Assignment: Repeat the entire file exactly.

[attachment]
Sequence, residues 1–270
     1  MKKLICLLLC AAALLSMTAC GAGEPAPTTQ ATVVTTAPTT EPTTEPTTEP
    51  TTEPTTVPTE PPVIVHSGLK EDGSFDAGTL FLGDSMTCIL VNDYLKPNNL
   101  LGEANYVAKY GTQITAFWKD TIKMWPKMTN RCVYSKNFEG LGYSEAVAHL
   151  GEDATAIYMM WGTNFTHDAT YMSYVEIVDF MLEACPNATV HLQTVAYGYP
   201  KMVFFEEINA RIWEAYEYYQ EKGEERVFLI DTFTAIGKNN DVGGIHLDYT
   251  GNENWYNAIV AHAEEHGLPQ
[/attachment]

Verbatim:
Sequence, residues 1–270
     1  MKKLICLLLC AAALLSMTAC GAGEPAPTTQ ATVVTTAPTT EPTTEPTTEP
    51  TTEPTTVPTE PPVIVHSGLK EDGSFDAGTL FLGDSMTCIL VNDYLKPNNL
   101  LGEANYVAKY GTQITAFWKD TIKMWPKMTN RCVYSKNFEG LGYSEAVAHL
   151  GEDATAIYMM WGTNFTHDAT YMSYVEIVDF MLEACPNATV HLQTVAYGYP
   201  KMVFFEEINA RIWEAYEYYQ EKGEERVFLI DTFTAIGKNN DVGGIHLDYT
   251  GNENWYNAIV AHAEEHGLPQ